On 15 November, a high-level event on how the green transition can take place on equal terms for women and men will be hosted by Espen Barth Eide, Norway’s Minister of Climate and Environment, and Josefa Sacko, African Union Commissioner for Rural Economy and Agriculture.
In different parts of the world, women and men are affected differently by climate change – but climate policy in itself also affects gender equality
Since the green transition will influence every aspect of society and the economy, policy that embeds gender equality systematically is needed, from agriculture to higher education, from transport to fishery.
What might such political leadership look like? This is the core question at this official COP27 side-event taking place in Sharm El Sheikh in conjunction with UN climate negotiations on 15 November from 13.15 to 14.45 (Eastern European Time
Essential to understand the equality dimension
- The green transition must be just for all, regardless of gender, age, race, political, national or social origin or socio-economic status. As politicians, we’re responsible for making it essential to understand the equality dimension in the climate debate, says climate- and environment minister Espen Barth Eide.
- By joining forces with the African Union on this event, we can share valuable knowledge and experience on the interlinkages between climate change and gender equality across the regions.
Reversing the trend is critical
African countries realised early on that climate and gender equality policies must be closely linked.
- Climate change disproportionately affects women in Africa, exacerbating existing inequalities. Reversing this trend is critical if we are to achieve the demanded development outcomes. To that end, we don’t just expect gender mainstreaming to be central to the negotiations at COP27, but we’ve also made it a key priority within the African Union, says Josefa Sacko, African Union Commissioner for Agriculture, Rural Development, Blue Economy and Sustainable Environment.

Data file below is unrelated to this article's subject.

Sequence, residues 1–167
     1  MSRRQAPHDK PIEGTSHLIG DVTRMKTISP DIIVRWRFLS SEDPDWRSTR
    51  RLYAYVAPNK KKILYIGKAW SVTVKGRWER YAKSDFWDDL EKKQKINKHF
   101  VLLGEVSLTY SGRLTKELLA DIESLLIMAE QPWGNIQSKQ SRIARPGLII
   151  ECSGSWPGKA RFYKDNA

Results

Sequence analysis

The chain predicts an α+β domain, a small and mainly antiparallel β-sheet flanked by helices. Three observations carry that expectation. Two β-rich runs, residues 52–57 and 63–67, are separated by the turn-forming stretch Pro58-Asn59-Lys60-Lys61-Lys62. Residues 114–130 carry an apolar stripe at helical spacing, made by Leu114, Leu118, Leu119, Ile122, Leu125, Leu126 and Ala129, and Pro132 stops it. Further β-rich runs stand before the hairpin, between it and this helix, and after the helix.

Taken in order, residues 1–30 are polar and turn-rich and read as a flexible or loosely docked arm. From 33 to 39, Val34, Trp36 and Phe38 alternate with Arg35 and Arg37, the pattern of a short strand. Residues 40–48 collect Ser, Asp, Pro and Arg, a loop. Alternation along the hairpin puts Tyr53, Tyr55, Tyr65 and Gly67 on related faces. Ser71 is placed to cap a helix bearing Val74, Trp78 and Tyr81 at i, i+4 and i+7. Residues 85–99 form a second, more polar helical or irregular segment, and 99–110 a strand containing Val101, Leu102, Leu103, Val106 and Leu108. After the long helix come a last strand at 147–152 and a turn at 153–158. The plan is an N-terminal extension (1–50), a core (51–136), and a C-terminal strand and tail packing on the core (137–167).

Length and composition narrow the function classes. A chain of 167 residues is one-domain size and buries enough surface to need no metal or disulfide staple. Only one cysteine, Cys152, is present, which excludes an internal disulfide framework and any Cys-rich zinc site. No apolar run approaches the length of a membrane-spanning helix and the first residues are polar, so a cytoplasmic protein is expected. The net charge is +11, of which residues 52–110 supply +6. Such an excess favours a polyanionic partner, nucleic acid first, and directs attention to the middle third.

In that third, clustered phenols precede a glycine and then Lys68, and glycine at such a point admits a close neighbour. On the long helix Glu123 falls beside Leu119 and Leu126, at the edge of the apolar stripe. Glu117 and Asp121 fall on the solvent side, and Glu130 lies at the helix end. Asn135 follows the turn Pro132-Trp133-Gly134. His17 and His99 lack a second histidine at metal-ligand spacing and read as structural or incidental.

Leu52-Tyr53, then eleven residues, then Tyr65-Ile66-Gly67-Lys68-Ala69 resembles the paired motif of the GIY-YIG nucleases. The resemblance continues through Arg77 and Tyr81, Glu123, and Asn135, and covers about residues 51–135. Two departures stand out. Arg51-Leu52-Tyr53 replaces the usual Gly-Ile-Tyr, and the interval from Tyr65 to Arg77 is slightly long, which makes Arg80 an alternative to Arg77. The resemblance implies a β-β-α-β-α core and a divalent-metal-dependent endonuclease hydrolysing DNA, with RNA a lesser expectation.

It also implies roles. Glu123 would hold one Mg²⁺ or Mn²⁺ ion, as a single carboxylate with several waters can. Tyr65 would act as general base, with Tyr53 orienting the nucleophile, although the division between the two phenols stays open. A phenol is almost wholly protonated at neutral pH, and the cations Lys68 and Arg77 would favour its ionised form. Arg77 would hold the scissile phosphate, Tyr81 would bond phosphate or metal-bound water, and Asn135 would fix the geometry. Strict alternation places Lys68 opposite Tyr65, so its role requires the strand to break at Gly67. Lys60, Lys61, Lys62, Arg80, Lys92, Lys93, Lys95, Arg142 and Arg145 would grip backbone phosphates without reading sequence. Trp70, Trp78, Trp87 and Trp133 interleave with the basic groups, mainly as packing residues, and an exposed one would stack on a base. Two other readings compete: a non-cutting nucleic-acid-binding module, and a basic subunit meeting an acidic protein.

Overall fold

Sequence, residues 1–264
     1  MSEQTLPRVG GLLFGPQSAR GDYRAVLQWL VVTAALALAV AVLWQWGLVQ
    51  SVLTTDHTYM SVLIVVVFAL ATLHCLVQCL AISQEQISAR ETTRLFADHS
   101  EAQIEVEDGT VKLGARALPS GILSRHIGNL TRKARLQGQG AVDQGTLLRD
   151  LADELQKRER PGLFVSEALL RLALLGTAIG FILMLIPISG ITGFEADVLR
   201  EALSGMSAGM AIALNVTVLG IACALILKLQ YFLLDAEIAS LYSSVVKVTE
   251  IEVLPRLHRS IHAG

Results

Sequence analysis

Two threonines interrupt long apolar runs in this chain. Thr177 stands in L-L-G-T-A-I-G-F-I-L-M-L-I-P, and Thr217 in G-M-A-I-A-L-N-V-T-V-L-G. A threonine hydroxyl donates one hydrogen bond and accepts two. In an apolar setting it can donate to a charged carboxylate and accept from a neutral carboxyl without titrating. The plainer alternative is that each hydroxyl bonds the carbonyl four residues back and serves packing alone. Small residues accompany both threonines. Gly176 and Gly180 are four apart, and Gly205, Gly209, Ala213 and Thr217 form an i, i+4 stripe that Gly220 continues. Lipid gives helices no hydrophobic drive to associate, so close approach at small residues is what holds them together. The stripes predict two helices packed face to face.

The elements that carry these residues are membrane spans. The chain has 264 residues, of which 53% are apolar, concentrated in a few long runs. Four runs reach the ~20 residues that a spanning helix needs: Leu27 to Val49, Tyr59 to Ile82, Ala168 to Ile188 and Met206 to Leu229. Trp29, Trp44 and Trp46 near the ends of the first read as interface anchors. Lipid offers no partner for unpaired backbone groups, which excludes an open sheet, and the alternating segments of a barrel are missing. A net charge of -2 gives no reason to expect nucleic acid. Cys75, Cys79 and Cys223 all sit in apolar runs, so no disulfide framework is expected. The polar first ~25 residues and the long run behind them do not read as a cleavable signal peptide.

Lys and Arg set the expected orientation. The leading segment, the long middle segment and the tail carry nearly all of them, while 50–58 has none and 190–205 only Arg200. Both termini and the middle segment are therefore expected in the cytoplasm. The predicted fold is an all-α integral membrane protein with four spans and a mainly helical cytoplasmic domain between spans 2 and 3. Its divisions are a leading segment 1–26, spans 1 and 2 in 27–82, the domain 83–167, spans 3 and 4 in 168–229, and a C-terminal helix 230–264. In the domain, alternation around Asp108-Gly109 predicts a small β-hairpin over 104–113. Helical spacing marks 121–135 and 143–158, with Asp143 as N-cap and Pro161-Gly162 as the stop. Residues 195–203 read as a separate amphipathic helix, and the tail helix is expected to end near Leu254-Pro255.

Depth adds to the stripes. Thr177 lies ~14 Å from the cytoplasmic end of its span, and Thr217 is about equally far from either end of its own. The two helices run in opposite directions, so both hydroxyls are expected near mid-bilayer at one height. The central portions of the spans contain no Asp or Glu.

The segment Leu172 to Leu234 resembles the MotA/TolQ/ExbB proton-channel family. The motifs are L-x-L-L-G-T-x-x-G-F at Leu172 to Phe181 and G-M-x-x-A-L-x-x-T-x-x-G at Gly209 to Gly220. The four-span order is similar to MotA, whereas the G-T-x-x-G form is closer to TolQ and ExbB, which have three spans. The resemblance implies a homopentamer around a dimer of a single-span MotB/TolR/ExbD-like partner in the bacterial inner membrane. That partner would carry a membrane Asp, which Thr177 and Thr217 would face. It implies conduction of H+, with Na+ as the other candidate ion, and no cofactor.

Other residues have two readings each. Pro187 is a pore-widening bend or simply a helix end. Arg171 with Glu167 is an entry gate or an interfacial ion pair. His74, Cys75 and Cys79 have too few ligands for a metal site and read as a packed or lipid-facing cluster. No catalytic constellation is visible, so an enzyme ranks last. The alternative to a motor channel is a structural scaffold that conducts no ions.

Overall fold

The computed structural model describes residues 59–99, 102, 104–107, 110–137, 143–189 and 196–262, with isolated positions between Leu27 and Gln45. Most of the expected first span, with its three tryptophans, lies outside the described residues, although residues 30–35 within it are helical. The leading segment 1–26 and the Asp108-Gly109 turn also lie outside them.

“Gender blind” national climate policies
In the Nordic countries, the effects are not as clear, but there are known gender differences when it comes to environmental footprint, influence in international negotiations, as well as differences in participation in the green transition and in the industries where new technical climate solutions are being developed.
Although the Nordic countries are considered to be among the most gender-equal in the world, their national climate policies have, until recently, been gender-blind.
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Earlier this year, the Nordic governments made a joint commitment, A Green and Gender-Equal Nordic Region, with the aim that Nordic climate and gender equality policies will continue to strengthen one another.
In its latest plan for sustainable development, the African Union has also pointed out the central role of women in climate efforts at all levels of society.
On 15 November, leaders from the two regions will meet to exchange their experiences and political initiatives for gender-equal climate policy.
This official COP27 side-event is open to all via live-streaming and to in-person participants at the climate conference. French interpretation is available for in-person audience only.
Members of the panel are:
- H.E. Espen Barth Eide, Minister of Climate and Environment, Norway and Chair of the Nordic Council of Ministers
- H.E. Josefa Leonel Correia Sacko, African Union Commissioner for Agriculture, Rural Development, Blue Economy & Sustainable Environment
- H.E. Hanna Sarkkinen, Minister of Social Affairs and Health, Finland
- Hon. Roselinda Soipan Tuya, Cabinet Secretary for the Environment and Forestry, Kenya
- H.E. Sima Sami Bahous, Executive Director, UN Women
Moderator: Chika Oduah, journalist and moderator with Moderate The Panel